A second fallacy presented is that public school “…keeps trying to do what it can’t do, which is make every child learn everything in the whole wide world. It’s like heading toward a cliff.”  Maybe I have not attended the same type of public school, but I have never experienced this.  If by saying “learn everything in the whole wide world,” one means public school is designed, ideally and for the most part, to make a child a well-rounded being, then, yes, an effective education exposes a child to various aspects of life, working to show the common links in those various aspects, teaching the child how to find “hidden likenesses,” to use a Jacob Bronowski term, in seemingly unlike things, which enhances the child’s critical thinking ability.  So, world history should coalesce with world literature or algebraic reading problems should coalesce with basic grammar, syntax, and semantic development.  Again, my issue is not to minimize alternative schooling but to show the flaw in the premise that public schooling tends to expose children to needless information that they will never apply.  The problem or hurdle for public school is that the focus on “high stakes” testing limits if not impairs the development of critical thinking because the emphasis is often on the answer and not how one arrives at the answer.  So, many students graduate high school with some facts but limited knowledge, and knowledge is understanding how to use facts to improve one’s condition or situation.  Yet, this emphasis on “high stakes” testing is not something that grew organically from public education but moreso is a reactionary, political element that serves mostly to widen the gap between rich and poor students.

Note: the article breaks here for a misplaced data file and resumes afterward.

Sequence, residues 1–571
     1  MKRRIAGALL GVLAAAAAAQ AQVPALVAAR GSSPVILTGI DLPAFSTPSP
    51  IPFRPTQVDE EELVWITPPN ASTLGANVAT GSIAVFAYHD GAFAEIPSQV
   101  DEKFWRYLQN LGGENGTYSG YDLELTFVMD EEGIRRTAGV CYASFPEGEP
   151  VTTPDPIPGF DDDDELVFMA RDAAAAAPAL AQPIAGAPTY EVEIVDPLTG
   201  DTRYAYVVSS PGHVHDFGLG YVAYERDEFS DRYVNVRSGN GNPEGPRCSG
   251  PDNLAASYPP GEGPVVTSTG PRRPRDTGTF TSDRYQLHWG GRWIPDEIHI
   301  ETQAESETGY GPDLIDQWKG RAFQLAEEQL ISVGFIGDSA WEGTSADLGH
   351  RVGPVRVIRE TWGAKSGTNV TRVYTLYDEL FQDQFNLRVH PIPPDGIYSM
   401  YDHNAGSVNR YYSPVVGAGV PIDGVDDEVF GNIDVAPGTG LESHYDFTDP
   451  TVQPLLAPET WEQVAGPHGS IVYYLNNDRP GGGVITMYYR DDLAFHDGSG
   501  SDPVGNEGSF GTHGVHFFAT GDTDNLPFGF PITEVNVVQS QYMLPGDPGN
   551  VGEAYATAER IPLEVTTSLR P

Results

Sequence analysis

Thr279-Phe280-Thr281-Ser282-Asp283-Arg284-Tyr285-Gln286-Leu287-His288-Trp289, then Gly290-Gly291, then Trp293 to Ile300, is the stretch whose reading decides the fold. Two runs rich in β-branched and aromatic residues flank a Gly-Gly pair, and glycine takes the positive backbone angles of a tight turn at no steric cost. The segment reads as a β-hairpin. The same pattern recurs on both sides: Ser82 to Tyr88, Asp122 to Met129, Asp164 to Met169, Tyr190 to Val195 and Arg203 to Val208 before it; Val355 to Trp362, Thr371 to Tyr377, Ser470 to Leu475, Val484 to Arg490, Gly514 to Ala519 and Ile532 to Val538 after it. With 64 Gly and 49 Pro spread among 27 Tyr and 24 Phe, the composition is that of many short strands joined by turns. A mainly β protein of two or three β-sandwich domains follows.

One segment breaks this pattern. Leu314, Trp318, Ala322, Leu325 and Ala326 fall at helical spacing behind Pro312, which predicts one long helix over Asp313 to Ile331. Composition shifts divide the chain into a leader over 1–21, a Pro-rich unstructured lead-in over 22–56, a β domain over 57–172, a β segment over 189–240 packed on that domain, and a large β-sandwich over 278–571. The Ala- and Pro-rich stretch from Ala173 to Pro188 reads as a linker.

Third, I return to the notion that education must be seen as a joint effort between parents and teachers.  “They have, and I think this is true of [Sudbury] alumni in general, an incredible sense of who they are and how they work, and confidence in their abilities,” Sadofsky said. “Not that they know everything, but they know how to find what they need.”  It seems that Sadofsky does not realize that this “sense” of knowing oneself and having “confidence” in one’s “abilities” is a trait that is planted and nurtured at home first and then affirmed through organized activities in the school.  Therefore, I would argue that the reason the Sudbury alumni “in general” have “an incredible sense of who they are and how they work, and confidence in their abilities” is because, in general, they are the children in that top performing ten percent who would have had these traits developed initially by their parents regardless of attending public school or an alternative school.  Accordingly, the second part of Sadofsky’s statement, “they know how to find what they need” is a trait/skill mostly developed by schooling, but teachers can only be effective in developing this trait or skill if the student has a constructive attitude, focus, and understanding of the academic process, which must be developed by the parent.  So, again, this “incredible sense of who they are and how they work, and confidence in their abilities” is not unique to alternative schooling but is a trait that most students develop if they have parents who make the proper time and effort investment, which allows the teachers to develop and teach the child how to use those personal characteristics in developing academic and professional characteristics.